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Semra Sevi has a Masters in Political Science from the University of Toronto. Gillian Frank is a Canadian citizen who teaches at Princeton University. Mr. Frank is suing the federal government for the right of Canadian citizens living abroad to vote.

Last week, the Supreme Court of Canada agreed to hear a case about whether Canadians living abroad should regain their right to vote in federal elections.

Over the past four years, the Conservatives sought in the courts and through legislation to prevent expatriate Canadians from regaining their voting rights. The Liberals, however, promised a different path. "A Canadian is a Canadian is a Canadian," Justin Trudeau repeatedly said during the 2015 election campaign when he repudiated the Conservatives' narrow vision of citizenship and democracy.

To understand what's at stake, it's necessary to understand the history of expat voting rights. According to a study by Asia Pacific Foundation, 2.9 million Canadian citizens – equivalent to 9 per cent of Canada's population – study, live and work abroad.

In 1993, the Progressive Conservative government extended voting rights to Canadians living abroad for less than five consecutive years. Under subsequent Liberal governments, Elections Canada reset the five-year limit every time citizens visited the country. In 2006, the newly formed Conservative Party initiated a broad debate about the meaning of citizenship in the wake of the controversial evacuation of thousands of Canadians in Lebanon.

Against this backdrop, members of the House of Commons expressed concern about expat voting. Many MP`s believed that Canadians abroad had been away for long periods of time and therefore had limited connections to Canada. They worried that these Canadians – whom they disparaged as "Canadians of Convenience" – would unfairly impact elections. There was no evidence to support these anxieties. Following the 2006 general election, the Conservative government stringently enforced the five-year limit and thus disenfranchised more than a million Canadians.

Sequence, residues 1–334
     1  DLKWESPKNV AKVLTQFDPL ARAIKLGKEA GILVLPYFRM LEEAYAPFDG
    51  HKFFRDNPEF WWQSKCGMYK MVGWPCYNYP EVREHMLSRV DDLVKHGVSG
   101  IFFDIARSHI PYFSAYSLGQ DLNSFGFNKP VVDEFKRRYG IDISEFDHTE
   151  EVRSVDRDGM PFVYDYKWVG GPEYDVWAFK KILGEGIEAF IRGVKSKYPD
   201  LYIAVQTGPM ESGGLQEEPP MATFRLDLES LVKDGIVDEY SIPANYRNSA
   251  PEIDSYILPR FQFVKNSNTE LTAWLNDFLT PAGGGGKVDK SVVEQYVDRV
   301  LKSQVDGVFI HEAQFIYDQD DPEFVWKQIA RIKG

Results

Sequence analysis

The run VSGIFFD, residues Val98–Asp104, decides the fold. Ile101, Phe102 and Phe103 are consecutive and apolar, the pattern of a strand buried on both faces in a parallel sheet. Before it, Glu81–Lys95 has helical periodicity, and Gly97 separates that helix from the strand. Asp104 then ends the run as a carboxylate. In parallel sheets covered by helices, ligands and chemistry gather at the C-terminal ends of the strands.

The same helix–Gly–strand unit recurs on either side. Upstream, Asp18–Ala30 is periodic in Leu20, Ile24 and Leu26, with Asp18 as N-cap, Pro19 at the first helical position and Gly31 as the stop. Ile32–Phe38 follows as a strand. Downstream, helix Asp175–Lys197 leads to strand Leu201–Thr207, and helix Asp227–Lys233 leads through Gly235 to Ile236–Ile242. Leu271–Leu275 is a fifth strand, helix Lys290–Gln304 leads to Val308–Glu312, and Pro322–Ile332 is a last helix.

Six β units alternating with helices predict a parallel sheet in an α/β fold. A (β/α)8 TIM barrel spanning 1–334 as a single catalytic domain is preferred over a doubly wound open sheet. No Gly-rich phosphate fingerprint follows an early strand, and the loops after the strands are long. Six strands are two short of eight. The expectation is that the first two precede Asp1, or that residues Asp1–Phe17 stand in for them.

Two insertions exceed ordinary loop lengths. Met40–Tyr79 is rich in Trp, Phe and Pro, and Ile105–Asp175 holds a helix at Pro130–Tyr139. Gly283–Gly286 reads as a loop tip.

The voting patterns of expatriates are a reflection of the government's efforts to disenfranchise them, lack of outreach from political parties and Elections Canada, and inefficient and costly voting procedures. Accordingly, turnout between 1993-2015 was low. In 1993, 9,574 Canadians residing abroad voted using special ballots. The lowest turnout was in 1997 with only 6,006 ballots cast. Voter turnout for the subsequent five elections ranged from 8,918 in 2006, before the five-year limit was enforced, to 6,069 in 2011, following the change.

In the 2015 election, 10,707 votes were cast, an increase likely related to significant media attention to expat voting rights. This does not include the Canadians who returned home to vote in person.

Despite claims of expat apathy towards Canada, many Canadians living abroad continue to maintain close ties with the country, visit family and friends regularly, pay taxes, own property, follow the news, seek consular services, and desire to continue voting in spite of the bureaucratic hurdles that prevent them from doing so. Many of these Canadians do not hold dual citizenship and cannot vote elsewhere.

The current lawsuit before the Supreme Court reflects the strong ties Canadians abroad maintain with their country, as well as their belief that the democratic process should be modernized to reflect a globalized world with a large Canadian diaspora.

In 2012, Gillian Frank and Jamie Duong, two Canadians living in the United States, filed a lawsuit to restore the right of Canadians abroad to vote. In 2014, Ontario's Superior Court struck down the law and re-enfranchised expats. The Conservative government responded by appealing this decision and in July 2015, the Ontario Court of Appeal, in a split decision, accepted the attorney-general's argument.

It's 2016 and our new Prime Minister recently visited the United States where he rubbed elbows with expat celebrities and met with Canadian business leaders in Washington and New York, lauding their accomplishments while encouraging them to invest in our economy. Prime Minister Trudeau sent a message that he values citizens who reside outside of the country. As much was clear during the 2015 elections when Anna Gainey, the president of the Liberal Party, wrote to the Canadian Expat Association: "We believe that all Canadians should have a right to vote, no matter where they live, and we are committed to ensuring that this is the case."

In early 2017, the Court will hear arguments about the rights of Canadians abroad to vote. Mr. Trudeau has an unprecedented opportunity to welcome many of these citizens back into our democratic process. One way he could do this is by not defending the litigation before the Supreme Court. Will the Liberals live up to their much-anticipated campaign promise to restore democracy to citizens living abroad? The voting rights of over a million Canadians hang in the balance.